Brown was always the coach's coach, a guy seemingly born with a piece of chalk in his hand, a defensive drill at his fingertips and a barb on his tongue. When Turner Broadcasting reduced his role before last season, he thought about returning to the bench. The opportunity came along when West, sensing that "futility had crept into the franchise and losing had become acceptable," called Brown at his home in Atlanta. Hubie talked it over with his wife, Claire, called West back, ironed out a few specifics (such as a three-year, $11 million contract) and was in the Birthplace of Rock and Roll by eight that night, ready to rock and roll.
Since then things haven't been the same for the Grizzlies, the league's third-youngest team in both age and years of experience. No starter was averaging more than forward Pau Gasol's 32.0 minutes through Sunday thanks to Brown's 10-man rotation, which had made the Grizzlies' bench the most productive in the NBA (35.2 points per game). Last year's big story was the maturation of Jason Williams, who toned down his showy act—Chicago Bulls coach Scott Sidles called the pre-Brown Williams "a feast-or-famine point guard"—to become one of the league's most efficient quarterbacks. This year's revelation has been forward James Posey, a defensive specialist turned scorer who, after averaging 24.2 points over the last five games, is a contender for the Most Improved Player award.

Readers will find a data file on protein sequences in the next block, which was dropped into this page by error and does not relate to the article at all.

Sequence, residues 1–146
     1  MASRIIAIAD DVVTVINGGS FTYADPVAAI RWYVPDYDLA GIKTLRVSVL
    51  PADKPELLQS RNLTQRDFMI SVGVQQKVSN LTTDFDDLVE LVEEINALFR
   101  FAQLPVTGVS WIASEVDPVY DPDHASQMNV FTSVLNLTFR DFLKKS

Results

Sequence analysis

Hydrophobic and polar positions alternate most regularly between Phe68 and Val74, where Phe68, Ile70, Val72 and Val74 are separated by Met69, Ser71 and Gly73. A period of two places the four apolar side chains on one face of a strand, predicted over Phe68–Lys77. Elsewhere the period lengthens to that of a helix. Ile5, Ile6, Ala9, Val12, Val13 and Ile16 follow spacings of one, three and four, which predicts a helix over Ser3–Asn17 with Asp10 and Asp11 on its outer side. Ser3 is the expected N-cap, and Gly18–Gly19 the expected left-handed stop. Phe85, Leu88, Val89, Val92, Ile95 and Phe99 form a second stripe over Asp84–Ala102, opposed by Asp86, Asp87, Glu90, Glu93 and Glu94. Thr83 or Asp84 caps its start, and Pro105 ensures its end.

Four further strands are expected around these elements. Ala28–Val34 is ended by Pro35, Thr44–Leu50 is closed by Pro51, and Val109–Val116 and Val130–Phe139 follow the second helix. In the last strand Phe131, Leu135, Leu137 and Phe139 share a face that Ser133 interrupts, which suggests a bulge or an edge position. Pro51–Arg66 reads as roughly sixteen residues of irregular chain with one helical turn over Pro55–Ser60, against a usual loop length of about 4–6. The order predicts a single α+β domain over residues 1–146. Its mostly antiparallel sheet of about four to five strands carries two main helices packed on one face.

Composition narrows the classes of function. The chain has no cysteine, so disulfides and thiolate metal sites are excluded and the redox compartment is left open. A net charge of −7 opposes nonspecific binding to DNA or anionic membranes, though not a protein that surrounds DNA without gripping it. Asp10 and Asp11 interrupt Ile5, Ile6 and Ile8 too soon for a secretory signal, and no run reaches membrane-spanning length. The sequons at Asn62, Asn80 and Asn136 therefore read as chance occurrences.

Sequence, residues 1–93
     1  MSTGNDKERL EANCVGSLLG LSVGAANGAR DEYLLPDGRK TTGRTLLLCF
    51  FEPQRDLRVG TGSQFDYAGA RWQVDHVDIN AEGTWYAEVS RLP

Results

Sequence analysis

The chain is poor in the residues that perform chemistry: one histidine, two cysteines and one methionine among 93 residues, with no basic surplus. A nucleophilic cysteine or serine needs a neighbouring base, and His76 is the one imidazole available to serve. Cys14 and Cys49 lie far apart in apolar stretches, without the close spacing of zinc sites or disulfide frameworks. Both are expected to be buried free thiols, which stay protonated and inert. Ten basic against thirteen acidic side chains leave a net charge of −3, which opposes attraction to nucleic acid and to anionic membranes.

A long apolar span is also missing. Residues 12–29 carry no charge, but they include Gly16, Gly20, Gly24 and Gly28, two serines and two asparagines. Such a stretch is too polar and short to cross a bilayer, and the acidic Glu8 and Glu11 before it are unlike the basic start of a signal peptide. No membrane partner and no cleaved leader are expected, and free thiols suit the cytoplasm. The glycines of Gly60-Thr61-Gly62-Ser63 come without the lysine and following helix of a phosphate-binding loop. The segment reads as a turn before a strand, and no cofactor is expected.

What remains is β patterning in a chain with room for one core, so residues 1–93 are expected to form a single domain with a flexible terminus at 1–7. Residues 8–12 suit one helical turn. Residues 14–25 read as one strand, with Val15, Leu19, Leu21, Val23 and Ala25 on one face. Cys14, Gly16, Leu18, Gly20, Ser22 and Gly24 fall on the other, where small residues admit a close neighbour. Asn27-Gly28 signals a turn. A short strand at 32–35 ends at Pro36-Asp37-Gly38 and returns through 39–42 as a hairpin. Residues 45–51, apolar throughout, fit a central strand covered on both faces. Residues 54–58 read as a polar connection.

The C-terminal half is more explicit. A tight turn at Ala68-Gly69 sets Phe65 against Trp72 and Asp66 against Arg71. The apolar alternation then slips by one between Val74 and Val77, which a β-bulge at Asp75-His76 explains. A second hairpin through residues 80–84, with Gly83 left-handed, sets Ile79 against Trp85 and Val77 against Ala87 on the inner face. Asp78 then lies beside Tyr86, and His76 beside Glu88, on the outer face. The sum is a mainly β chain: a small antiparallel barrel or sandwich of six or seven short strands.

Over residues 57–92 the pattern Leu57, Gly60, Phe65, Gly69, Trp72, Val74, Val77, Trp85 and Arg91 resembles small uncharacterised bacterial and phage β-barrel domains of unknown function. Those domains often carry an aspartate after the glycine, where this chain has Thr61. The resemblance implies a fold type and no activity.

Both players credit Brown for showing confidence in them and "breaking down the game," as Williams puts it. West also points to Brown's "flexibility," a quality he would not have been accused of possessing in the old days. He has scrapped his walk-it-up offense and let the Grizz run and shoot; through Sunday, Memphis was seventh in scoring (97.2 points per game) and seventh in three-point attempts (16.3). "I told them, uh-kay, we have four rules, here," Brown says. "One, be on time. Two, play hard. Three, know your job. What does that mean? It means, if you are a dumb player, you are not going to play. And four, know when to shoot and when to pass. You ask, Why that? Because that, uh-kay, is the toughest thing to learn."
When West announced he was going retro, some thought he had lost his magic touch, and perhaps his mind. The only older NBA coach: Bill Bertka, who, at 71, went 1-1 for the Los Angeles Lakers in 1999. Brown was considered an anachronism in some quarters, a man whose irascible in-your-face style had gone out of fashion 20 years ago...and was hard to take even then. West saw something else. "Even as an announcer Hubie was the most thorough guy around," says the 65-year-old West. "A guy like that, a guy with his knowledge, doesn't get out of date."
Except for the disappearance of a sometimes unruly Afro, Brown even looks like he did 20 years ago. (Now his gray hair is cropped close, like a Roman centurion's.) He still gazes at the world with upturned chin, as if daring someone to take a poke at it. At practices—his favorite time of any day—he never stops moving, barking orders ("Five minutes of free throws. No talking"), challenging players, running drills, endlessly repeating two phrases that he may have uttered more than anyone else on the planet: Let's go! and Here we go!